Neighborhoods lose bid to join Elmbrook, again

Petition supporter calls state law 'unwinnable'

May 18, 2011

Property owners on the west side of the city of Brookfield and the east side of the town of Brookfield last week lost another appeal to detach from the Waukesha School District and join the Elmbrook School District.

Residents in the affected neighborhoods launched similar unsuccessful petitions in 2000 and 2009, and one of the organizers of this year's effort said she's starting to think it is a lost cause.

"I don't feel that the process is a winnable process, and I guess it's just disappointment that we felt we had all of the information (for a successful case)," said Toni Kroeplin, who lives in the Black Forest subdivision in the town of Brookfield.

The state's School Boundary Appeals Board last week denied the request of nearly 200 property owners in the Black Forest, Summit Lawn, Emerald Ridge and Shire subdivisions to leave the Waukesha School District and join Elmbrook.

The board voted, 3-0, to deny the Shire, Summit Lawn and Black Forest petition, and the Emerald Ridge request was voted down, 2-1.

Waukesha schools considered

Keith Brightman, Elmbrook's assistant superintendent for finance and operations, said the board gave several reasons for the denial, including the impact of the loss of taxing authority the relocation would have on Waukesha School District, which is already facing a multimillion-dollar deficit for 2011-12. The board estimated the loss of taxing authority at $300,000 to $400,000.

The financial piece is one of several factors that the board is supposed to look at when it weighs a potential detachment, but Kroeplin said it seems like that was the only impact the panel considered.

"I just don't feel that they're looking at anything but money," she said.

Kroeplin said there will be financial winners and losers in any detachment case, and other factors need to be considered when making a decision.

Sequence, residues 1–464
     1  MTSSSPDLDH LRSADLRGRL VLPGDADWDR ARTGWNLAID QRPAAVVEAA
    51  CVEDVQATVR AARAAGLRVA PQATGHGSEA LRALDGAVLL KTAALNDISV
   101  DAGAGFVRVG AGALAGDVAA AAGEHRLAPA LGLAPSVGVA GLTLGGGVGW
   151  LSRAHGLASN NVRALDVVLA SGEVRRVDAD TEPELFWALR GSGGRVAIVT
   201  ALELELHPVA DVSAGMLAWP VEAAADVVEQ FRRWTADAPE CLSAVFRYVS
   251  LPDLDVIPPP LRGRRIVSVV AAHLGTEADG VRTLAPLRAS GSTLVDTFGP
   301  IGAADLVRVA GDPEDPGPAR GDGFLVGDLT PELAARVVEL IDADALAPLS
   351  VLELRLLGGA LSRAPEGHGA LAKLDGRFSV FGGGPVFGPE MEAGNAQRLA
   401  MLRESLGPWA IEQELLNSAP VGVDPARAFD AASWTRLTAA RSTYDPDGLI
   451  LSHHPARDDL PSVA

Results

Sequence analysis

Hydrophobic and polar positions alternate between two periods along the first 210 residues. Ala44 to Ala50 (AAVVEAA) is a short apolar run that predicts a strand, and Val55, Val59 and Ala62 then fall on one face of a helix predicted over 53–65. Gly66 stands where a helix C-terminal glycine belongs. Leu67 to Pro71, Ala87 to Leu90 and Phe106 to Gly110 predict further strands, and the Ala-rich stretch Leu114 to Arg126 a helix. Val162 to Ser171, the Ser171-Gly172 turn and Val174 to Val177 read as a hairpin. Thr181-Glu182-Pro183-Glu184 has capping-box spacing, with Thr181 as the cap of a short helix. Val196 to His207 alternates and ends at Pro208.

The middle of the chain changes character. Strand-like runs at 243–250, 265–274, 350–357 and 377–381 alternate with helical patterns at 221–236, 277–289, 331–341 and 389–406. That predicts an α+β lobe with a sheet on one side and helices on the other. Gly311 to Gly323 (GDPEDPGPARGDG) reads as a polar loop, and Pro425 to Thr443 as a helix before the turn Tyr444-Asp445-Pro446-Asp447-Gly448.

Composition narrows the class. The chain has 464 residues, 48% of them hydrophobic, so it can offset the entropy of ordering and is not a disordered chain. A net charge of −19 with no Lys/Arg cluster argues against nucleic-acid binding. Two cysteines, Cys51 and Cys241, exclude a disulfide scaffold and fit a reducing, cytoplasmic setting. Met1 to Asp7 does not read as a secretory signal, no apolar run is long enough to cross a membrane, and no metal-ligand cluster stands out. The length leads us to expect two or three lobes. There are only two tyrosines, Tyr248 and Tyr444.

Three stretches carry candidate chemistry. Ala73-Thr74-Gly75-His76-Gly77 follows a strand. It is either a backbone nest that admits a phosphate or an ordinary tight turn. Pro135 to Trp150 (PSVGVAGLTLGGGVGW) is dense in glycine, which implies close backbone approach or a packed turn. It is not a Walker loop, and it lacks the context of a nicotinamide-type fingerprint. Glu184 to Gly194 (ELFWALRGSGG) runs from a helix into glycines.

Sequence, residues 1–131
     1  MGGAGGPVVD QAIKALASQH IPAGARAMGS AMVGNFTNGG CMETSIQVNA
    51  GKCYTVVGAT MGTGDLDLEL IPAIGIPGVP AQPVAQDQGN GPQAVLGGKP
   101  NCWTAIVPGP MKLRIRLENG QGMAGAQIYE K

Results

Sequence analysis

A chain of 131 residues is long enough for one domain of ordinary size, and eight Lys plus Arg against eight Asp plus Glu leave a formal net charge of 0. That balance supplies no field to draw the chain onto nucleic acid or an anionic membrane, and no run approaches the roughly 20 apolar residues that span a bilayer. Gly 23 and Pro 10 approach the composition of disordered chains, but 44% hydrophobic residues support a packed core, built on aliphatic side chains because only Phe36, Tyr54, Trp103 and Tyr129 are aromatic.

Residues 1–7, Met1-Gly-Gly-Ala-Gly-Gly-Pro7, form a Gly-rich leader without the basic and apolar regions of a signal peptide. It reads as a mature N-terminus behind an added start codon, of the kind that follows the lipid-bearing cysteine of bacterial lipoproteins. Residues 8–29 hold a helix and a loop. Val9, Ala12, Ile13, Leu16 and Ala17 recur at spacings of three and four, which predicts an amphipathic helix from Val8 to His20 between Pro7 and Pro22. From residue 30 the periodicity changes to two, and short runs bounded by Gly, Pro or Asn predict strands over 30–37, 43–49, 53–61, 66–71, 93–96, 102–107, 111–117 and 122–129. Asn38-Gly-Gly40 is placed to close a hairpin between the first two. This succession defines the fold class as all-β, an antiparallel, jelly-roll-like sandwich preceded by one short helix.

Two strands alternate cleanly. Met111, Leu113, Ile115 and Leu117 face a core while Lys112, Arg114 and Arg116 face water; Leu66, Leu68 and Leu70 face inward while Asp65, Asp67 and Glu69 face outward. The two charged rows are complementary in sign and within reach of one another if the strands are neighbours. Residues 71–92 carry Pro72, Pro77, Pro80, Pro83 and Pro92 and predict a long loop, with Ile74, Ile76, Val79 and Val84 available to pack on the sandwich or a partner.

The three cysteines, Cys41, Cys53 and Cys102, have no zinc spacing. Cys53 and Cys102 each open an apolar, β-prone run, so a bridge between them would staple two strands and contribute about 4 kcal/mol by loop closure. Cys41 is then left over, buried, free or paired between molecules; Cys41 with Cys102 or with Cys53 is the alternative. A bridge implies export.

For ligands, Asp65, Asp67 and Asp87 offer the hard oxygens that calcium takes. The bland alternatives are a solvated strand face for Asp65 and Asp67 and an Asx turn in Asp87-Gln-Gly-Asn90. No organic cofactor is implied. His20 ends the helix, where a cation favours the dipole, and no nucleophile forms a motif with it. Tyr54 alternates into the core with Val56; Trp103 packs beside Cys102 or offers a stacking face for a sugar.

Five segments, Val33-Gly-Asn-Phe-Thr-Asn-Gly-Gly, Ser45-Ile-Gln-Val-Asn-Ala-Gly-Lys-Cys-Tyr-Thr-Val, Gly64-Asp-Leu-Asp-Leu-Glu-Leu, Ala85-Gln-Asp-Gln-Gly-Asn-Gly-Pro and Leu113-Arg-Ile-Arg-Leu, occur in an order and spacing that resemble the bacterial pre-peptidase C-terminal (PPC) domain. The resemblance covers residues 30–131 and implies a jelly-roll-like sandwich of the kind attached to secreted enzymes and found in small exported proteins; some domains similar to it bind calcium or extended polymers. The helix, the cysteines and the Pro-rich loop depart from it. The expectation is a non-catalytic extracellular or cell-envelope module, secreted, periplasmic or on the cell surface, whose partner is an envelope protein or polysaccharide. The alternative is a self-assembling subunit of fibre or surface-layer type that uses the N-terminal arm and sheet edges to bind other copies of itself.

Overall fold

Residents who spoke at the February meeting where the Elmbrook School Board approved the petition cited some of those factors, including the proximity of the neighborhoods to Elmbrook schools and the fact that residents pay taxes to the city and town of Brookfield yet send their children to school in Waukesha.

Statute questioned

Elmbrook unanimously approved the petitions in February, but the Waukesha School Board voted against them the same week, which meant the issue was sent to the School Boundary Appeals Board.

Brightman, who attended the appeals board hearing in Madison, said Waukesha was openly critical of Elmbrook's approval of the detachment petitions, as well as the district's restrictions on Open Enrollment seats. Waukesha argued that Elmbrook could use Open Enrollment to allow the families in the petition areas to attend Elmbrook schools.

Kroeplin said she thinks the only way for a detachment petition to work is to change the statute to include language on a minimum financial impact a move would have on the district that's losing properties. She said the neighborhoods asking for detachment from Waukesha account for only a small part - less than 1 percent, by her calculations - of the Waukesha district's $185 million annual budget.


Some of the criteria used by the School District Boundary Appeal Board to evaluate detachment requests:

geographical characteristics of the affected school districts, including estimated travel time to and from school

educational needs of children in the affected school districts and educational programs offered by each district

whether detachment from one district to another will have adverse effect on the programs currently offered by the school district that will lose properties

testimony and written statements from residents of the affected school districts

estimated fiscal effect of the proposed reorganization on both districts

whether the proposed reorganization will make any part of a district's territory noncontiguous


- Source: Wisconsin Department of Public Instruction


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